The (very slowly) growing reward for a hard day’s work

by: , Managing Director, Economist, and Portfolio Manager, New York Life Investment Management

We’ve commented previously on the peculiar breakdown in the relationship between employment levels and wage growth. The tendency for wage pressures to build as unemployment rates fall, observed by economist William Phillips and hence known as the Phillips Curve, has intuitive appeal: as the number of available workers falls, prospective employers must compete for talent by bidding up wages.

The basic model

Source: 6/14/18. This is a theoretical depiction of the relationship between the unemployment rate and the inflation rate which can be considered wage inflation or consumer price inflation.

That logic should presumably apply today, yet it is difficult to see in the data

Last week brought us the latest edition of the JOLTS report (Job Openings and Labor Turnover Survey) from the Bureau of Labor Statistics. For the first time in the eighteen-year history of the series, there were more job vacancies reported than there are unemployed workers available to fill those positions.

Job openings and hires (U.S. total)

Source: Bloomberg 6/14/18.

Also at a decade high was the Quits Rate, referring to the percentage of the workforce that voluntarily left their positions, presumably because they have found alternative employment on more attractive terms.  At the very start of the month we learned that the unemployment rate has fallen to an estimate 3.8%, matching the lowest reading in almost 50 years (April ’00 was the only other observation that low since 1969).  And the National Federation of Independent Businesses reports a record number of firms that have positions they have been unable to fill.  So, we have multiple reliable indicators all telling the same story: the demand for labor is outstripping available supply.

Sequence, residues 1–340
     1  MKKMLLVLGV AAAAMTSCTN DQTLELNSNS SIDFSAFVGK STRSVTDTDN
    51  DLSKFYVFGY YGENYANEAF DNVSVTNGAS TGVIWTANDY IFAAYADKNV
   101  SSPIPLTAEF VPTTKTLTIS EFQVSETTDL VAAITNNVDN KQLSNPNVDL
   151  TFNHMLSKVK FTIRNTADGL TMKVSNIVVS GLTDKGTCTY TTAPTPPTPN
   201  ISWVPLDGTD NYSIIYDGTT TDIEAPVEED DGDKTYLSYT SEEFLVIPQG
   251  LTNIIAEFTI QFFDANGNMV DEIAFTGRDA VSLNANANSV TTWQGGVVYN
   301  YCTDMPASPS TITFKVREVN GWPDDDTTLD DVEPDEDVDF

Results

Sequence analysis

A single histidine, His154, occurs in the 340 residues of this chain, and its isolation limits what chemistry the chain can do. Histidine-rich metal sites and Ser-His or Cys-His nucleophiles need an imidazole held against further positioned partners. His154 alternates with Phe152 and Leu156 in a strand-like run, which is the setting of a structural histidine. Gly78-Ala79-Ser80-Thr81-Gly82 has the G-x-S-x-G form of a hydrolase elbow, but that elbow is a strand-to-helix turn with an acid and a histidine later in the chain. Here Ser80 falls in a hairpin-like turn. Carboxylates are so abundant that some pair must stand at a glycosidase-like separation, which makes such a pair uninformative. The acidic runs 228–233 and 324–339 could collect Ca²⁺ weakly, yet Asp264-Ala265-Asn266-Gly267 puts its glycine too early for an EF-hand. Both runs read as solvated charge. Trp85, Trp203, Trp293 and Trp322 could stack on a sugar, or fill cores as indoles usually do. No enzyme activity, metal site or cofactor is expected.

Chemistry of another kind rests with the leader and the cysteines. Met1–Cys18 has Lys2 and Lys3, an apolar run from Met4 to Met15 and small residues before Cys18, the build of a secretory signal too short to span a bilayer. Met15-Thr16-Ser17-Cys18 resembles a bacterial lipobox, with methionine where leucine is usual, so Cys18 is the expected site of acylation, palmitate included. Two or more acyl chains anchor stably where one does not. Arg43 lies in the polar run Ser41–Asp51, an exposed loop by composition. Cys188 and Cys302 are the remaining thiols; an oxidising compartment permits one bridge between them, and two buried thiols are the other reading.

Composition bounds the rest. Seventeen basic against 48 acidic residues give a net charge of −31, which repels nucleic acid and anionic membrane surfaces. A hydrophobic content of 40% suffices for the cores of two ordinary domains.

U.S. quits rate

Source: Bloomberg 6/14/18.

That being the case, we would expect to see compensation levels rising rapidly.  No so.  The growth rate in average hourly earnings has been picking up gradually over the past several years, but it has held stubbornly below 3%.  Demographics may be contributing to this phenomenon as high earning Boomers are retiring and being replaced by low earning Millennials, depressing readings on aggregate compensation.  But even adjusting for that effect, as the Atlanta Federal Reserve Bank attempts to do with their Overall Wage Growth Tracker Index, compensation growth remains subdued, moving from very low to less low.

Atlanta Fed Wage Growth Tracker Overall

Source: Bloomberg 6/14/18.

The upshot

While the labor market is now tight by many standards, it may take an even tighter labor market, and thus an even lower unemployment rate, to push wage growth and inflation up in a material way. The economic expansion has more room to run.

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The Atlanta Fed’s Wage Growth Tracker is a measure of the nominal wage growth of individuals. It is constructed using microdata from the Current Population Survey (CPS), and is the median percent change in the hourly wage of individuals observed 12 months apart.

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Poul Kristensen, CFA

Managing Director, Economist, and Portfolio Manager, New York Life Investment Management

Poul Kristensen, CFA is Managing Director, Economist, and Portfolio Manager with New York Life Investment Management’s Multi Asset Solutions (MAS) team

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